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Question about differing pay at work

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I've started work at a call centre where existing staff are paid double on sundays, a new agency now runs the account i work on and new employees are only paid single time, i imagine this is perfectly…
eca07mc Avatar
6y, 1m agoPosted 6 years, 1 month ago
I've started work at a call centre where existing staff are paid double on sundays, a new agency now runs the account i work on and new employees are only paid single time, i imagine this is perfectly legitimate but it seems very unfair, and means i'm more likely to be picked for a sunday shift as it costs them half as much! Do i have any sort of grounds to refuse to work sunday shifts? I'm happy to either work sundays and be paid the same as everyone else or just work monday-saturday at the basic rate, but i refuse to be paid half as much as someone sat next to me doing the exact same thing.

Sorry if i'm ranting but it's an annoying situation and i don't know whether there is anything i can do about it.

Thanks in advance for genuine replies

Eca
eca07mc Avatar
6y, 1m agoPosted 6 years, 1 month ago
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#1
I would guess it would depend on your contract. Many companies have employees on different terms and conditions, particularly more recent employees where they have tightened their belts. it will also depend on how well your union may have negotiated terms for staff. Maybe not a lot of chance of doing anything on your own, but you could make enquiries to ensure you have the correct terms. Look for a new job, but best have something in the meantime.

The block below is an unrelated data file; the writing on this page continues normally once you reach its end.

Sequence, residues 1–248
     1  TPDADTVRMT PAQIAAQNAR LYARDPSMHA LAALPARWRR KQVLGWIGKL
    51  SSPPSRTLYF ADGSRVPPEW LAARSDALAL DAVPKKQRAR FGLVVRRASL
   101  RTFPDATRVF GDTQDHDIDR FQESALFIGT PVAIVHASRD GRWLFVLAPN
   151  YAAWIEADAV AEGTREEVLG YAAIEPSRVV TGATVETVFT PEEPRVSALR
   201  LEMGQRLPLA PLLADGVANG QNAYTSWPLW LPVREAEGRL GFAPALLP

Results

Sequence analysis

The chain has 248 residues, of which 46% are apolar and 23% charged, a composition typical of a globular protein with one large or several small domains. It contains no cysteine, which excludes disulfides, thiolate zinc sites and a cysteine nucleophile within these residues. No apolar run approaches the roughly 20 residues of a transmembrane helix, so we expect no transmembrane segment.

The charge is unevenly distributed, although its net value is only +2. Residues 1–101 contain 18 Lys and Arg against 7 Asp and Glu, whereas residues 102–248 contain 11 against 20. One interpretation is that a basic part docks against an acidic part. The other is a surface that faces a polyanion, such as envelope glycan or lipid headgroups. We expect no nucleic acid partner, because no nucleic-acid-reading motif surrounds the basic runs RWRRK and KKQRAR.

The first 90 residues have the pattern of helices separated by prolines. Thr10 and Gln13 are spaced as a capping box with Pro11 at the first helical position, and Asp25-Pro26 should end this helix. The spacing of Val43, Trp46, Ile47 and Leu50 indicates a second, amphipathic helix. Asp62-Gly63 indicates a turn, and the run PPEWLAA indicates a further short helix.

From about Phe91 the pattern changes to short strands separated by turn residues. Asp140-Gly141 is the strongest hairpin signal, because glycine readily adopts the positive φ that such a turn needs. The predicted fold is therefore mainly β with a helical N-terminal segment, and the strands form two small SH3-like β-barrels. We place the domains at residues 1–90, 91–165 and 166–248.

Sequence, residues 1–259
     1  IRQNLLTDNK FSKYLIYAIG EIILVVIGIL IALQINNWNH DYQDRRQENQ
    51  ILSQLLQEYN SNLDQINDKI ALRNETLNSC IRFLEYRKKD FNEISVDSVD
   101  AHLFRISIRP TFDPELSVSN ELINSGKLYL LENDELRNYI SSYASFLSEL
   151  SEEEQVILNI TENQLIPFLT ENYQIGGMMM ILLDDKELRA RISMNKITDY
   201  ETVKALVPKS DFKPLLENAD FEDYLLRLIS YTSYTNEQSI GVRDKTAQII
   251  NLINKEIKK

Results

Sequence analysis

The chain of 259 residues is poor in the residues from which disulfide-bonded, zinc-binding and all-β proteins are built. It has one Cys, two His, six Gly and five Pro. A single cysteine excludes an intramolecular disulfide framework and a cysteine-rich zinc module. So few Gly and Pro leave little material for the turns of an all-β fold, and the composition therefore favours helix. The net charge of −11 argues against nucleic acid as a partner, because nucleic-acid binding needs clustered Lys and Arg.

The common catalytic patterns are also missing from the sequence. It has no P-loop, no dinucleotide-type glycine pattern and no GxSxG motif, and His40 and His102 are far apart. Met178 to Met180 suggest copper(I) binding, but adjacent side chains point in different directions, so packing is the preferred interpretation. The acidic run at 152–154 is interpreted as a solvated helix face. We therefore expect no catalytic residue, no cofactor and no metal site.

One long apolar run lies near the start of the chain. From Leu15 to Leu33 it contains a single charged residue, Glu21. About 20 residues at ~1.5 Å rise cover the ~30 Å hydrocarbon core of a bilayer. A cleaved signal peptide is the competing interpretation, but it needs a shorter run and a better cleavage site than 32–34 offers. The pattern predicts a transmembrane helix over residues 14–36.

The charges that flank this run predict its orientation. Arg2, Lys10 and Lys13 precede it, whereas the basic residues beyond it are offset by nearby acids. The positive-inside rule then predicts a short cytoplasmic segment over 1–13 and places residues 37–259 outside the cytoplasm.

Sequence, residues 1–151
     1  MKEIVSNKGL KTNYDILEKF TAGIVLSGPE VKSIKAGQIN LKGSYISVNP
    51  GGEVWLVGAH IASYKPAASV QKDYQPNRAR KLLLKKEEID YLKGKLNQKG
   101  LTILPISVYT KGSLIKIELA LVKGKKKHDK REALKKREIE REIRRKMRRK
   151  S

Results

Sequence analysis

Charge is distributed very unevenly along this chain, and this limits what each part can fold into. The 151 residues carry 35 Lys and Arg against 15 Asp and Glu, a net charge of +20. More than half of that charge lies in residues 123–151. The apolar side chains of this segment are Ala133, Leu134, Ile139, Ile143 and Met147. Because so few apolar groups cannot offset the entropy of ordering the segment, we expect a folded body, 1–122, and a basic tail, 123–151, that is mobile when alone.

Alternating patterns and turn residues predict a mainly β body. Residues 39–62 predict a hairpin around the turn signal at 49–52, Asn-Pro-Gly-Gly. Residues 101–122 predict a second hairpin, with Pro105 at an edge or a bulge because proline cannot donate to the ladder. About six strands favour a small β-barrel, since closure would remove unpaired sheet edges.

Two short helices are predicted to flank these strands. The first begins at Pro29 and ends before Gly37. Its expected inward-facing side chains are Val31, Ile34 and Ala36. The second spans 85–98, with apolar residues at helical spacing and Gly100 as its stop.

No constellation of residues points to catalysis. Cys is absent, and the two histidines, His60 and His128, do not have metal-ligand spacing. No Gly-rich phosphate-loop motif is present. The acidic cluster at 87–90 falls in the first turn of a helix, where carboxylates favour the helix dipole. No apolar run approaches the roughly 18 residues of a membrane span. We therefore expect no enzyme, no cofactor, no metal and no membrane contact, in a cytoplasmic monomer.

#2
I think the right to refuse to work Sundays only applies to shops and similar, not call centres, but it is unfair. But then you are LESS likely to be picked for redundancy if you are cheaper to keep on... If it is clear to the higher paid people that they are NOT being picked to work Sundays then they would, I imagine, have a case for discrimination - so I don't think you will be picked any more than anyone else - and if you agreed to all this before you found out about everyone else's pay, your only problem is jealousy. You are new, they've been there ages, you are on a different contract, times change, you can't expect the same. Maybe once you have shown your worth the company involved will take you on as a permanent staff member, rather than an agency contractor (if that is the case - it sounds like it is) and you will get better pay/treatment. Maybe it is something you can negotiate with them... speak to whoever is in charge of your employment and ask why there is such a difference.
#3
As above. Your pay and contracted working hours are stated in your contract of employment. Unfortunately those are your terms. It's irrelevant what the person next to you is paid.

I work for an IT corp with lots of older guys who are ex-Civil service. We do the same job but they get paid at least double what I do and have amazing benefits. I got a £200 pa pay rise this year - god knows what they got.

It's just tough.
#4
Try contacting ACAS. http://www.acas.org.uk. See what they say.
#5
You can't refuse (unless it means you're working over 48 hrs a week and you've not opted out)... I see the salaries for pretty much everyone at our company in this country (around 7000 in the UK) and there are HUGE differences between salaries! For instance, one VP gets 90k plus benefits, another is on 250k plus bens but they're the same grade! It's kind of just tough... if you don't like it, move on! Have you been with the company a long time? People who stay at the same company tend to get paid less than the market rate so you may be better off moving elsewhere (although not sure that would apply to call centre jobs).
#6
Again, depends on how long you worked there and contract. Know there was a lot of probs for someone I knew who worked for Tesco with new staff complaining about the same thing as staff there for a while had loads more benefits.
#7
In b4 the "you should just be grateful you have a job" lot get in from working late to creep to the boss
1 Like #8
you knew the pay and conditions when you were offered the job you took the job therefore were happy with pay and conditions

and you have no case

Edited By: jamstaruk1972 on Feb 02, 2011 19:45

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